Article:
Patti Dobrowlski shows you how to build a roadmap to your desired future. See it. Believe it. Act on it. But how do you see what hasn’t happened yet? Draw your dream. If sketching can increase your memory 69%, imagine what it can do to help you plan and stay on track to the future you desire.

View more in The Essential List Of Creativity Videos.

Having studied Theatre Design in Washington and Butoh dance in Japan, Heather Hansen’s passion knows no bounds. Inspired by Gutai action painters during her time in Japan—artists that famously threw mediums like paint or clay at canvases in post-war Japan—Heather creates life-size, symmetrical drawings capturing dance permanently on canvas. “I work to refine my kinetic drawing to something graphically and intentionally essential,” Hansen explains as we lounge in the backyard of her New Orleans home in the Marigny. “Charcoal allows me to record each gesture as it’s happening. You can see the story.”

“Dance has been a little overlooked in the arts, in part because it’s a little bit ephemeral,” she points out. “Music is too but it’s different, you can keep a tune in your head. With dance, people usually say, ‘Oh that was beautiful or that really made me feel something.’ They don’t remember the movements. They don’t have anchors for it. I’m primarily interested in finding ways to anchor dance.”

Find out more about Heather Hansen here.

View more performing arts inspiration here.

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(Drawn on the iPad with Adobe Ideas.)

Here’s a collection of recent landscape sketches.

Drawing does many things for me. Drawing helps me find, refine, and expand ideas. Because of drawing I’m never at a loss for visual ideas – and consequently I become more discriminating about the ones I devote significant time to. Drawing helps me identify essential structures in existing images. After I draw them, (no longer hung up on the details) I understand them better and can better apply what I’ve learned to other images. Drawing helps sensitize me to fundamental compositional patterns. After I draw them, I recognize them more quickly.

For so many reasons drawing is an immense pleasure – and that’s why I keep doing it.

View more sketches from this series here.

See more drawings here.

My TED and Google talks have a lot in common. Both discuss creativity as a dynamic process that we all engage in with our own unique orientations to. While there are classic operations we all perform, how we combine them and the uses we put them to. Experimentation and becoming more versatile is the key to turbo-charging your creative life. You’ll find dozens of tips and lots of inspiration in both of these talks.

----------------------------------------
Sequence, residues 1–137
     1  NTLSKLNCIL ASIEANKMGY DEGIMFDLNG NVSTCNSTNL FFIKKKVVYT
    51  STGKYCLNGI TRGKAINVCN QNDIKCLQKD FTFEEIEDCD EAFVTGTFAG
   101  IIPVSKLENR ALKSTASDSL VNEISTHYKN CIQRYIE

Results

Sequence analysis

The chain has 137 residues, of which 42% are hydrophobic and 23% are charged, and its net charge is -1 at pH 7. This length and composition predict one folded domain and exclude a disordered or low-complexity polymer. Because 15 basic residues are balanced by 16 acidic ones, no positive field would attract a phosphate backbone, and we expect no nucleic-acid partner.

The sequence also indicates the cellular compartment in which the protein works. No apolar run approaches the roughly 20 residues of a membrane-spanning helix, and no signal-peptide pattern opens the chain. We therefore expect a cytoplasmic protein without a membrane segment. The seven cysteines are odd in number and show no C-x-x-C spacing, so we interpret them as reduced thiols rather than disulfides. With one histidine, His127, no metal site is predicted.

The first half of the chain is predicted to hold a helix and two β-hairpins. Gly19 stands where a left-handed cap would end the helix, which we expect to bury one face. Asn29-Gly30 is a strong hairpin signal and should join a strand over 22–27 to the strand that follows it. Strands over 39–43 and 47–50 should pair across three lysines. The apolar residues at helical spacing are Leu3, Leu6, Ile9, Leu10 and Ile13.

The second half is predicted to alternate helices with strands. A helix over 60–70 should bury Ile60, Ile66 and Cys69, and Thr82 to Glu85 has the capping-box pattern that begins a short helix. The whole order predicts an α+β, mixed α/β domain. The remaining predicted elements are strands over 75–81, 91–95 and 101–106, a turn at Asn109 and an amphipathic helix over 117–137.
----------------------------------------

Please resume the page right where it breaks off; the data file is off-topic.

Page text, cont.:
Preview my eBook Process here.

Read more in my free creativity PDFs.

Learn more in my creativity workshops.

How artists get there is just as important as where they arrive. My new ebook Process examines many aspects of my creative process – writing, drawing, painting, photography, Photoshop, iphoneography and more. Thirty-three chapters are organized into five sections – Color, Composition, Draw, iPhone, Write – showing how each discipline contributes to the completion of finished works of art.

This ebook reveals that an artist’s creations are produced by not one but many activities in many media and that the creative process is a never-ending journey of discovery that offers surprising insights along the way.

192 pages fully illustrated

$12.99

$9.99 for Insights enews members

(Email info@johnpaulcaponigro.com for discount code.)

Buy the PDF here

Download a free preview here.

 

I love to draw. I began drawing before I could speak. I’ve never stopped. It took me decades to learn to draw the way I wanted to. I spend less time drawing than I used to, now I rarely draw to produce finished results, but hardly a day goes by when I don’t draw, to record or refine ideas.

Drawing is a way to understanding. There’s a difference between knowing things mechanically (with a camera) in 1/125th of a second and knowing it manually (with a pencil, pen, or brush) over the space of hours or even days. Both ways can inform one another.

People often ask me, “Do you draw before, during, or after I photograph?” I respond, “Yes.” There are different benefits to drawing at every stage in the process of creation.

I sometimes draw before arriving at a location to structure my visual explorations. I sometimes draw while on site, to record ideas that cannot be photographed. I sometimes draw after visiting a location, from unfinished photographs made there, to identify the many ways they can be combined with other photographs. I sometimes draw on finished photographs to identify patterns of thinking and ways to develop them further.

There are many reasons to draw and many ways of drawing.

I take the definition of photo-graph literally – light-drawing. For me photography is one more way to draw.

Learn more in my digital photography and digital printing workshops.


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